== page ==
Live and Let Dye
You’ve all heard that selling more to existing customers is more cost-effective than trying to find new ones. If you’re a wide-format print provider, hopefully this resonates with you. Dye sublimation is one way of adding a new range of products while using concepts, technologies, and even software you are possibly already familiar with.
Dye sublimation printing - traditionally the preserve of specialist printers producing textiles, T-shirts, and novelty items - is a process that uses solid inks vaporized during transfer to the final substrate. The resultant images are color-rich, vibrant, and long-lasting. Dye sublimation printing can be done direct to the final substrate or via a transfer paper, which is then applied to the substrate and transferred by heat using moderate pressure.
Today, there is a convergence of factors which, if you’re a wide-format print provider, might make it worthwhile to consider dye sublimation printing as an additional revenue stream.
The first is the digital technology that simplifies dye sublimation printing, giving absolute control over the placement of ink, either to transfer papers or direct-to-fabric substrates. Secondly, the proliferation of wide-format inkjet printing has created competitive conditions that require business owners to explore additional applications or services to help support profitable growth. Thirdly, the demand for photo and other image-based products is driving an expansion of printers offering dye sublimation printing. Finally, there are image creation, and workflow management and RIP software packages (that you may already be using) that, with an additional optional module, can drive both conventional (solvent, water-based, or latex) printers and dye sublimation printers.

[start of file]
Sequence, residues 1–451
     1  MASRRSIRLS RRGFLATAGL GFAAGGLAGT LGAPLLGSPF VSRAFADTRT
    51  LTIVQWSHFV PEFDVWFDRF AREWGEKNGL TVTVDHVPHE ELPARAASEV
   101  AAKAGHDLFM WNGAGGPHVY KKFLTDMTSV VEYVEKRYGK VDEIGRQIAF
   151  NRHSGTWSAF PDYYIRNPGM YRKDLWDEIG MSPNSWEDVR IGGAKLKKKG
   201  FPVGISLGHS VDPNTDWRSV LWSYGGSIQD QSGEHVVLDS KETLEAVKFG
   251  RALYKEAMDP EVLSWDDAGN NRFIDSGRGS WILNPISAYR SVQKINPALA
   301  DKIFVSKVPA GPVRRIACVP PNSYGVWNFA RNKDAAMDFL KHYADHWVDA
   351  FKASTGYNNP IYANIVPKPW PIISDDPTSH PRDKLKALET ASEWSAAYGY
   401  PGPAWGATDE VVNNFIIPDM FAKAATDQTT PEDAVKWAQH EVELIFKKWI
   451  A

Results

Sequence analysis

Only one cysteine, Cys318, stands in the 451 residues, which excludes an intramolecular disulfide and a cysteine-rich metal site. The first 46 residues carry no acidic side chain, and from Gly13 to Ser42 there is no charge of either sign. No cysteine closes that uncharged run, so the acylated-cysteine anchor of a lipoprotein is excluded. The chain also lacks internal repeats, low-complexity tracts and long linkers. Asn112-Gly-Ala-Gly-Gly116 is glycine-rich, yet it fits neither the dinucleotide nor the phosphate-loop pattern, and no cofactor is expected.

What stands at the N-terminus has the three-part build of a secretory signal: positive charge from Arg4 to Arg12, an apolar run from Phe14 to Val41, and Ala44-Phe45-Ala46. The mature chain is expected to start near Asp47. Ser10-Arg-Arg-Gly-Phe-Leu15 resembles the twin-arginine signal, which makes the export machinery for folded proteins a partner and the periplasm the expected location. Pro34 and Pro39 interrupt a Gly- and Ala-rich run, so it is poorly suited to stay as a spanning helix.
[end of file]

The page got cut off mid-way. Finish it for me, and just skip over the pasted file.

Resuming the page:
The easy availability of small sublimation printers as well as those up to wide-format sizes means the process is more widely used in the consumer retail market. Dye sublimation printing may be used on textiles, ceramics, glass, aluminum, brass, stainless steel, plastics, and hardboard, which has led to the availability of dozens of different products that can be printed as one-offs, as well as both small and large quantities. Images printed on suitable substrates can also be used outdoors.
However, it is the field of textile printing that dye sublimation is possibly best known. When printing on polyester (and blends with a minimum of 60 percent polyester),, the colors and details are bright, crisp and sharp. Woven or knit fabric, including twill, poplin, taffeta, chiffon, and micro-stretch materials may be printed, and because dye sublimation inks bond with the fibers, they will not crack or wash out. They can be washed, rolled, folded, and used outside, making them ideal for T-shirts, swimwear, and sportswear, as well as banners and flags.
With dedicated, standalone software packages that handle the entire design-to-print dye sublimation workflow, wide-format printers have an easier route into this exciting and dynamic technology that can be tailored to meet your own skills and market. In other words, it’s do and dye.